Mine Rescue Crews from many sections make vain efforts to reach bodies

Flames are 2,000 feet from entry

Short circuit on high tension believed to have caused the disastrous fire


Jake Valerious, 19
Elmer Kirkpatrick, 30
Brown Smith, 37
_____, Klepeck, 40
Ed O'Brien, 30
Thomas Waugh, 45
James Tharis, 35

Dowell, Ill. Feb 24 (1921)

The last hope for the lives of the seven men who were trapped in the Kathleen mine by fire late yesterday was abandoned early today, and the mine was sealed up in an effort to extinguish the flames.

Mine rescue teams from different parts of the state after a consultation at midnight decided to seal the mine.  At that time it was thought impossible that the men who were imprisoned on the third and fourth levels could be alive.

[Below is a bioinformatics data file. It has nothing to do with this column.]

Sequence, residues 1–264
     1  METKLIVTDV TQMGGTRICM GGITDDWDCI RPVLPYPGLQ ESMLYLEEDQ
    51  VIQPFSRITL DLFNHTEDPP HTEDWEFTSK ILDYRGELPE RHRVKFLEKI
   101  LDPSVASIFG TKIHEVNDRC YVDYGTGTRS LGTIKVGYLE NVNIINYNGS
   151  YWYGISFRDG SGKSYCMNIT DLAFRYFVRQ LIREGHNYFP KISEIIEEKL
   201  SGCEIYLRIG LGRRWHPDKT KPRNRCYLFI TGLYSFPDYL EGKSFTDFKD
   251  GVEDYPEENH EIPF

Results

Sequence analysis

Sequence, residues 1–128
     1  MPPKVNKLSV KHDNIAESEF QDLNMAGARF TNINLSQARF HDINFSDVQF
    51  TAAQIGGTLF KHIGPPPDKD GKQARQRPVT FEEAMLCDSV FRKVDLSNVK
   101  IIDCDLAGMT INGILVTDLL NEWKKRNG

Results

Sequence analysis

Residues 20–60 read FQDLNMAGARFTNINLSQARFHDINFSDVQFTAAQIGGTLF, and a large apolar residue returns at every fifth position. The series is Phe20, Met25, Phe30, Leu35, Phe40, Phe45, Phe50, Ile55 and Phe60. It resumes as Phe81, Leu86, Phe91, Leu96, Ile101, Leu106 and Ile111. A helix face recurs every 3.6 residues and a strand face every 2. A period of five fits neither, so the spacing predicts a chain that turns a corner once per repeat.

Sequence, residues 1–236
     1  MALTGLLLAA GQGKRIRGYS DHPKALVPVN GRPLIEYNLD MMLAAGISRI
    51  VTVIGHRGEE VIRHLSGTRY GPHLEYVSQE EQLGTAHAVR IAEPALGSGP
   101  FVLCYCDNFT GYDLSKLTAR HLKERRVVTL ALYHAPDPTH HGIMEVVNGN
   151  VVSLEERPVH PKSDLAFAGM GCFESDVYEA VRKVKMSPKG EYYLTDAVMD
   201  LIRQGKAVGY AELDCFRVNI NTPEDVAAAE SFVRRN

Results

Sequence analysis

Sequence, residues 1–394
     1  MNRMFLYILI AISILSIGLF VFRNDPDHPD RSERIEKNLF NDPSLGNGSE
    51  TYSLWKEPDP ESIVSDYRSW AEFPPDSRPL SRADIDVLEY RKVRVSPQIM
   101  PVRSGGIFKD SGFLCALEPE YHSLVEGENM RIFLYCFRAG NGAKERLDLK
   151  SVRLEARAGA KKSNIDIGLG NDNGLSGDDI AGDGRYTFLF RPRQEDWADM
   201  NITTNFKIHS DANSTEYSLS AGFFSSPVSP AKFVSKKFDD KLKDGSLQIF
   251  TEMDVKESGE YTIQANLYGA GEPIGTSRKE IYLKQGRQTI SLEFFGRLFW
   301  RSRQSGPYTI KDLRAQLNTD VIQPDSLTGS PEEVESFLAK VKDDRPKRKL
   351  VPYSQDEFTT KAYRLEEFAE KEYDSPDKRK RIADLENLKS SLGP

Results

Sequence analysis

Work of sealing the mine was started at 1:30 and completed shortly after 5 o'clock this morning.  The flames were still raging when the work was finished.  The mine will be left sealed for about thirty days.

The Kathleen mine is the property of the Union Colleries Company of St. Louis.  Four hundred and twenty-two men will be thrown out of work by the disaster.

The fire broke out late yesterday afternoon 2,000 feet from the main west entry near the 200 foot level.  It is believed to have been caused by a short circuit on a high tension wire.  Officials declared that little gas was present.

Early efforts to reach the men imprisoned proved futile and a call was sent for aid from neighboring towns.  Mine rescue crews were dispatched from Duquoin and Royalton while the mine rescue car was rushed from Benton.

The intensity of the fire, however, prevented all efforts to enter the mine.  Rescue workers stated that it was impossible that the men had escaped suffocation but the work continued with the hope that some avenue of entry would be found.

The imprisoned men came from towns adjoining Dowell.  Little excitement was manifested and the families of the men took the news of their death quietly.  They waited anxiously for word but they had been trained to expect the worst.

©Susan Cook; Illinois Trails History and Genealogy